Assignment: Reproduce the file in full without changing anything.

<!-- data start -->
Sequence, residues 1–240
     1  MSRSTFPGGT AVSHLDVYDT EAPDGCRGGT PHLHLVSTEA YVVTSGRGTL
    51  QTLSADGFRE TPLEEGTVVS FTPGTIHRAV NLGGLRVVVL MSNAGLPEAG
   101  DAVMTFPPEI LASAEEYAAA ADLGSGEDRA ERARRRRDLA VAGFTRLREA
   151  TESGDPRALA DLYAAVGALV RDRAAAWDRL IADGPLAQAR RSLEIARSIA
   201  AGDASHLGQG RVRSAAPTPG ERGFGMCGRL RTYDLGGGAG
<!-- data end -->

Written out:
Sequence, residues 1–240
     1  MSRSTFPGGT AVSHLDVYDT EAPDGCRGGT PHLHLVSTEA YVVTSGRGTL
    51  QTLSADGFRE TPLEEGTVVS FTPGTIHRAV NLGGLRVVVL MSNAGLPEAG
   101  DAVMTFPPEI LASAEEYAAA ADLGSGEDRA ERARRRRDLA VAGFTRLREA
   151  TESGDPRALA DLYAAVGALV RDRAAAWDRL IADGPLAQAR RSLEIARSIA
   201  AGDASHLGQG RVRSAAPTPG ERGFGMCGRL RTYDLGGGAG